Today we want to honour the revolutionary and photo journalist Khaled Al-Issa, who left us on this day four years ago, 24th June 2016. He was one of the brave youth who decided to stay in Syria and participate in the country’s struggle for freedom.
Khaled was born in Kafranbel in the countryside of Idlib, north-western Syria. As the revolution began, Kafranbel became famous for its witty protest banners. Khaled found his way to journalism hoping to convey and document the Syrian people’s struggle and living conditions during the revolution and subsequent war.
Khaled accompanied the journalist Hadi Al-Abdullah to provide on-the-ground coverage of the most dangerous battles. Although he had opportunities to leave Syria, he chose to stay in his country and document the violations and crimes committed against the people and use his camera and microphone to communicate Syrian voices to the world.
Khaled was well known for his activism in Kafranbel and was among the first to take to the streets in the early days of the revolution to demand freedom. He was also a co-founder of the Union of Revolutionary Bureaus (URB), a collective of civil society organisations committed to empowering community members (especially women and children) to achieve their rights through education, vocational training and cultural programmes and counter extremist narratives. The URB implemented a wide-range of projects including medical services, women’s centres and media training as well as running the popular Radio Fresh which held discussion on many issues and broadcast stories about daily life in Idlib.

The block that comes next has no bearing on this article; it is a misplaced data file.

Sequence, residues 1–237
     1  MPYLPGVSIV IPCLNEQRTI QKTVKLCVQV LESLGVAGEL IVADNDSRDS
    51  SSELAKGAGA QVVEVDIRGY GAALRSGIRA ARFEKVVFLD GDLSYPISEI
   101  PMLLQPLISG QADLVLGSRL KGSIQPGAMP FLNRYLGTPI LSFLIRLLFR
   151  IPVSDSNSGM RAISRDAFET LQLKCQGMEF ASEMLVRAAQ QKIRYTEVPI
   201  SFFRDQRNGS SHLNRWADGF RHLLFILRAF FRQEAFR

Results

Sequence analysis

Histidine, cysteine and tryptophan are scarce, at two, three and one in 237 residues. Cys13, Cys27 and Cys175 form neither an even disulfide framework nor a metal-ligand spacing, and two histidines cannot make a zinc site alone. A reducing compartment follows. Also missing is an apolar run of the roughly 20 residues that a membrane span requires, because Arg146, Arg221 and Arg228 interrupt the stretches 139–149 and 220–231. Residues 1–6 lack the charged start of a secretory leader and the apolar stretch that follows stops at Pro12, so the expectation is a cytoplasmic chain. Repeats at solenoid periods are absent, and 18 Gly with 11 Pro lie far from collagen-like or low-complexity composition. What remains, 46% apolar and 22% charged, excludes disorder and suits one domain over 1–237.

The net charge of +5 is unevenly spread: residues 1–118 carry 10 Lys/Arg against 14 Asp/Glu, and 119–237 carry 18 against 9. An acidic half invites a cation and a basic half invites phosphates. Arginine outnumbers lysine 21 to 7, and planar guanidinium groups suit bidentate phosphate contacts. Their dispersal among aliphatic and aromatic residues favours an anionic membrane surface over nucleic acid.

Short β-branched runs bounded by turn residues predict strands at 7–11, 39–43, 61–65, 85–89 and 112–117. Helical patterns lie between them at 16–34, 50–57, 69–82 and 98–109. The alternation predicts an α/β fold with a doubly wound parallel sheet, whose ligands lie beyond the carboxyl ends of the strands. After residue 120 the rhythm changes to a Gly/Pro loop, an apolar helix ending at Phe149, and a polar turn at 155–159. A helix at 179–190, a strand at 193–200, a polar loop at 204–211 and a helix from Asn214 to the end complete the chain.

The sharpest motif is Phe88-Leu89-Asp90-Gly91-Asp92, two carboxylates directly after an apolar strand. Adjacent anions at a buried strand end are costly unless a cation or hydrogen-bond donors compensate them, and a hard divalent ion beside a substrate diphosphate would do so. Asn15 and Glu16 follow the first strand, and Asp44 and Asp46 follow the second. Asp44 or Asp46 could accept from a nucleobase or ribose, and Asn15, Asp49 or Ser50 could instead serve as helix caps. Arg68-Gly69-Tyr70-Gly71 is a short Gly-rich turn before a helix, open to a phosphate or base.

Khaled suffered many injuries during the revolution, mainly due to his coverage of places under bombardment by the regime and its allies. He was not afraid to take risks and his work made him a target for those who tried to silence independent voices. He was subjected to more than one assassination attempt.
On 17 June 2016, an explosive device targeted Khaled’s home in the opposition-controlled Al-Shaar neighbourhood in eastern Aleppo, seriously wounding him and his colleague Hadi Al-Abdullah. They were transferred to a hospital in the city of Antakya in southern Turkey for treatment.
While Hadi survived, Khaled remained in a coma due to shrapnel lodged in his head. Attempts were made to secure a visa for him to be transferred to Germany for treatment but they weren’t successful. Khaled died of his injuries on 24 June. He was twenty-five years old.
Khaled was not the first to be killed for conveying the truth of what was happening in Syria to the world. Numerous Syrian and non-Syrian journalists and media activists have been killed in their line of work by either the regime or other extremist groups and many more endure the horrors of detention. Yet Khaled certainly holds a special place in the memory of Free Syrians as one of the revolution’s heroes.